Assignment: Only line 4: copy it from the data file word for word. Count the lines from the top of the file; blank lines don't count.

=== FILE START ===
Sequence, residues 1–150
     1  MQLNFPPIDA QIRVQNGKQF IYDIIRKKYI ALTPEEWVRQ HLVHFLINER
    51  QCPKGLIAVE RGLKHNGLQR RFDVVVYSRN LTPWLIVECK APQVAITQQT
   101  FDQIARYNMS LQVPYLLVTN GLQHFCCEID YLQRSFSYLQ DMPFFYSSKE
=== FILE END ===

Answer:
   101  FDQIARYNMS LQVPYLLVTN GLQHFCCEID YLQRSFSYLQ DMPFFYSSKE